The Ivory Coast have registered their first ever victory at the World Cup Finals after coming back from 2-0 down to win 3-2 against Serbia and Montenegro.
The much heralded Serbia and Montenegro defence leaked three goals in 55 minutes to go home from the Cup without a point.
The Elephants had close to 70 percent possession for most of the match and they finally got on the scoreboard 10 minutes before the break when a terrible handball from Milan Dudic left Mexican referee Marco Rodriguez in no doubt that he should point to the spot and hand out a yellow card.
The fact it wasn’t a different colour was a testament to the referee’s generosity.
From the resulting penalty Aruna Didane slammed home his side’s first for the night.
It got worse for the side from the Balkans when Albert Nadj was red carded at the end of the half for his second bookable offence.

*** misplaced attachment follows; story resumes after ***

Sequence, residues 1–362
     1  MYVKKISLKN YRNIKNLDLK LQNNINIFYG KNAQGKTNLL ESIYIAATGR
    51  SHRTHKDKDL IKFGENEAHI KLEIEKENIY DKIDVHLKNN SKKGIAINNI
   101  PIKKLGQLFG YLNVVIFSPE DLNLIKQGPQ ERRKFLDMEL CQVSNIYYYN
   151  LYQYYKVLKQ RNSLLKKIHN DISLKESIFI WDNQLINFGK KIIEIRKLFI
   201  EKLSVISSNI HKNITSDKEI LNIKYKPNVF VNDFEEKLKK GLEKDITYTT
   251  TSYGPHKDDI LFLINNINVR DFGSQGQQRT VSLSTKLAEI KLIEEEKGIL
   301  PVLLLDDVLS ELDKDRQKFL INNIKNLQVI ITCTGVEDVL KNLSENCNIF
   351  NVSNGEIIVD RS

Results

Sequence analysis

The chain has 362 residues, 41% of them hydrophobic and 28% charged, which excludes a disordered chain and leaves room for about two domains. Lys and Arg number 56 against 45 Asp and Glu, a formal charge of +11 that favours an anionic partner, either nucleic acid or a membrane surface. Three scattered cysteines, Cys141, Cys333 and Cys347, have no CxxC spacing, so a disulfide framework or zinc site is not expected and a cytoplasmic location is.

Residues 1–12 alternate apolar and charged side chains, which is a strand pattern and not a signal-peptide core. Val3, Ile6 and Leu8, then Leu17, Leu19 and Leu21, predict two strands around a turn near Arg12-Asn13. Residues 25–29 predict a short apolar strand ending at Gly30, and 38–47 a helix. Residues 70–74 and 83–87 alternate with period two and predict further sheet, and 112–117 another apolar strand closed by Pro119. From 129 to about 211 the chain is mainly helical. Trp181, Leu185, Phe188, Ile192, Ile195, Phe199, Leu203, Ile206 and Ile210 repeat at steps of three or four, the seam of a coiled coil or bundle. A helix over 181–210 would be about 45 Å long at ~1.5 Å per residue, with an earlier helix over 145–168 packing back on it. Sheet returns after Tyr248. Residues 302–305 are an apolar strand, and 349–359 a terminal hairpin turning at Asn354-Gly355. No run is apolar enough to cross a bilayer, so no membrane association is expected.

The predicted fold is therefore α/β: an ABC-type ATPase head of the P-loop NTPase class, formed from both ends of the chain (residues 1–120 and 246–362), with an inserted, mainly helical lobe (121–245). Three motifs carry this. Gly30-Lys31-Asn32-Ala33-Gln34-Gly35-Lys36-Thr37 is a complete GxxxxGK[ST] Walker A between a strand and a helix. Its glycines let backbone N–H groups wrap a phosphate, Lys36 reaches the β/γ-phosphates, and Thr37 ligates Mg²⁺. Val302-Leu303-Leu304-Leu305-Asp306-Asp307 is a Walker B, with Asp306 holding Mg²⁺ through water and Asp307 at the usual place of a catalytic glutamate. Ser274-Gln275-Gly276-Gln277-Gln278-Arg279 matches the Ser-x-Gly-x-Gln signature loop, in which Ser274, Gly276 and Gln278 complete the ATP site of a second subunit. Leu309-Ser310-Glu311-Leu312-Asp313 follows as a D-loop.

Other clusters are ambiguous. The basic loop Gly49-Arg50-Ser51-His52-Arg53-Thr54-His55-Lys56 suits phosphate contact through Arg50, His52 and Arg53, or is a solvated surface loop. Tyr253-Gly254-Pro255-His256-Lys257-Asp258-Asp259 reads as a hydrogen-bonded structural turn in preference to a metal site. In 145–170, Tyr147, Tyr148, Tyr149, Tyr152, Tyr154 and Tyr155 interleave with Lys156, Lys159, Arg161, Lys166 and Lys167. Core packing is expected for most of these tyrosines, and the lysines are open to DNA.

After a second half of plenty of chances the winner came through a bizarre example of de ja vu.
The tall and short of it
Another shot from the Elephants struck Dudic on the arm again and referee Rodriguez again pointed to the spot.
Ivory Coast forward Dindane rushed to take the penalty in an effort to become the first player to score a hat trick at the World Cup, but he was overruled by stand-in captain Bonaventure Kalou who decided to step up himself.
Luckily for the PSG forward he coolly slotted the ball home to send his team mates and crowd into a frenzy.
While the Serbia and Montenegro team hardly pushed forward to look for an equaliser, there were some tense moments when Ivory Coast defender Domoraud was red carded for his second offence.
The Ivorians can return home with their heads held high after three competitive points and three points well earned.
Serbia and Montenegro can just go home.
Their appalling performances made a mockery of the 'Group of Death' label given to Group C before the tournament.
Toothless in defence and anaemic in attack, one must wonder how they conned so many people into believing they were even close to a credible side of World Cup standard.